Tuesday, 11 April 2017

Without Parallel

The derivation of the word "Easter" from the name of a pagan goddess is peculiar to English and German (which got it from Anglo-Saxon missionaries), and those were hardly the first languages in which the Paschal Mystery was ever celebrated. Likewise, the Resurrection of Jesus Christ is entirely without parallel in mere mythology.

The example usually cited is the early Egyptian cult of Isis and Osiris. Osiris is murdered by his brother Seth, who then sinks his coffin in the Nile. Isis, wife of Osiris and most powerful of goddesses, discovers her husband's body and returns it to Egypt. Seth, however, regains the body, cuts it into fourteen pieces, and scatters it abroad. Isis counters by recovering the pieces. How does this resemble the Resurrection Narratives in the slightest? Some much later commentators refer to this as an anastasis, but the fact that they were writing in Greek rather illustrates how far removed they were.

In all the mystery cults, no early texts refer to any resurrection of Attis, nor of Adonis, nor, as we have seen, of Osiris. Indeed, according to Plutarch, it was the pious desire of devotees to be buried in the same ground where the body of Osiris was held still to be lying. Of Mithra, popular among Roman soldiers and often invoked at this point, it is not in dispute that stories of death and resurrection were devised specifically in order to counter the appeal of Christianity.

There is no suggestion that any pagan deity was ever held to have risen from the dead never to die again, nor to have appeared in the flesh several times thereafter (and soon thereafter, at that), nor to have been recounted doing so by eyewitnesses, nor even to have lived and died, never mind risen from the dead, at a specific, and quite recent, point in investigable history.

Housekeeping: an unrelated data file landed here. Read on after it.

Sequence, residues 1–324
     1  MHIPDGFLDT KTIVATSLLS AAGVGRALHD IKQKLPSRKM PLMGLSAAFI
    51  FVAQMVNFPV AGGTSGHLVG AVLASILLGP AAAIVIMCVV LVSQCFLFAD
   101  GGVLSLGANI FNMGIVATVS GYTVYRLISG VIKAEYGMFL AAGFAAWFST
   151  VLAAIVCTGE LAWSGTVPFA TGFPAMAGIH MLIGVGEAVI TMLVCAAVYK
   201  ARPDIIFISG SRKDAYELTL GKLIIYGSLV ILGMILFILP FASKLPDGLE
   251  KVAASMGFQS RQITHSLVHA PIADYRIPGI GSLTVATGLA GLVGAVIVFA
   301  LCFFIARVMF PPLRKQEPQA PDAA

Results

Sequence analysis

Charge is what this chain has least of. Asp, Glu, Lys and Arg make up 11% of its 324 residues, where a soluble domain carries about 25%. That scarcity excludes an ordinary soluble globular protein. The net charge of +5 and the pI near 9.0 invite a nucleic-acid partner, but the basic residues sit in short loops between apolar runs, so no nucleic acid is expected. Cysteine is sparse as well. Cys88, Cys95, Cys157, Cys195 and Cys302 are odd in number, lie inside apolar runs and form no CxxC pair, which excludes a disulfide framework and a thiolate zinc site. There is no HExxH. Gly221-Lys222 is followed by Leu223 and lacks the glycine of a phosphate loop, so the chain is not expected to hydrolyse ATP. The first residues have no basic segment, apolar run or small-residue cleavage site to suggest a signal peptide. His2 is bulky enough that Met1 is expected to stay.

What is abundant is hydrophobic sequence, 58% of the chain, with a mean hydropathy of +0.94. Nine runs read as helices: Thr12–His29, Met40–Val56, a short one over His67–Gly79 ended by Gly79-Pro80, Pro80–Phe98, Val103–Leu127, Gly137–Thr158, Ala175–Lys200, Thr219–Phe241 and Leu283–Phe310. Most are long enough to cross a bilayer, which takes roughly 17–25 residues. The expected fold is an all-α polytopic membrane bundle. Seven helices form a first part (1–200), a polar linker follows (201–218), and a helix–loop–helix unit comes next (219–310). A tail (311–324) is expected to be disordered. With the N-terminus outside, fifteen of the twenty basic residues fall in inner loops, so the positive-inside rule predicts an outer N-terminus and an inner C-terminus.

You might deny or dispute this in investigable historical terms, although good luck, because you'll need it. The historical existence of Jesus of Nazareth can be very hotly denied on the Internet by people who have that particular bee in their bonnets, but it is subject to no scholarly dispute whatever. But the present point is that, uniquely, any such investigable claim is made at all.

It is also contended that Attis is supposed to have come back to life four days after his death. There is one account of Osiris being reanimated two or three days after his death, though only one, not four. And it is even suggested that Adonis may have been "resurrected" three days after his death. In the case of all three, there is no evidence for any such belief earlier than the second century AD. It is quite clear which way the borrowing went.

There is, furthermore, no evidence whatever that the mystery religions had any influence in Palestine in the first century. And there is all the difference that there could possibly be between the mythological experience of these nebulous figures and the Crucifixion "under Pontius Pilate".

Hellenism and the Roman Empire did not view the Christian message as merely another legend of a cultic hero, just as neither the philosophical Greeks nor the pragmatic Romans dismissed it as either harmless or ridiculous. Just look at how they did react to it.

As Rousseau said, men who could invent such a story would be greater and more astonishing than its central figure.

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